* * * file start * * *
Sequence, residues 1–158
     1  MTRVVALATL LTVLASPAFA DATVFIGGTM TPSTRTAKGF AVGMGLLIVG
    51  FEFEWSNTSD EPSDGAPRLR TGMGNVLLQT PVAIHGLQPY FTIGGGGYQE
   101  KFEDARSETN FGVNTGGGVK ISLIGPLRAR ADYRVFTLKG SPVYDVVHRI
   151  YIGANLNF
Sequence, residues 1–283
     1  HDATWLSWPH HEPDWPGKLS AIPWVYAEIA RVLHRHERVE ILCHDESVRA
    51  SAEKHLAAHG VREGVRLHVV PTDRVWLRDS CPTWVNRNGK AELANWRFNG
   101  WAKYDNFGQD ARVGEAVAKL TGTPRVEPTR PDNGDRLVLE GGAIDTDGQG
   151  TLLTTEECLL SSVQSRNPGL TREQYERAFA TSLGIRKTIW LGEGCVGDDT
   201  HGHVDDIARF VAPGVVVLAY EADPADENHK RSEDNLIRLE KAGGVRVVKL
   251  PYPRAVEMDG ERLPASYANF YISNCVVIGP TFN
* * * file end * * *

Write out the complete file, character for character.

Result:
Sequence, residues 1–158
     1  MTRVVALATL LTVLASPAFA DATVFIGGTM TPSTRTAKGF AVGMGLLIVG
    51  FEFEWSNTSD EPSDGAPRLR TGMGNVLLQT PVAIHGLQPY FTIGGGGYQE
   101  KFEDARSETN FGVNTGGGVK ISLIGPLRAR ADYRVFTLKG SPVYDVVHRI
   151  YIGANLNF
Sequence, residues 1–283
     1  HDATWLSWPH HEPDWPGKLS AIPWVYAEIA RVLHRHERVE ILCHDESVRA
    51  SAEKHLAAHG VREGVRLHVV PTDRVWLRDS CPTWVNRNGK AELANWRFNG
   101  WAKYDNFGQD ARVGEAVAKL TGTPRVEPTR PDNGDRLVLE GGAIDTDGQG
   151  TLLTTEECLL SSVQSRNPGL TREQYERAFA TSLGIRKTIW LGEGCVGDDT
   201  HGHVDDIARF VAPGVVVLAY EADPADENHK RSEDNLIRLE KAGGVRVVKL
   251  PYPRAVEMDG ERLPASYANF YISNCVVIGP TFN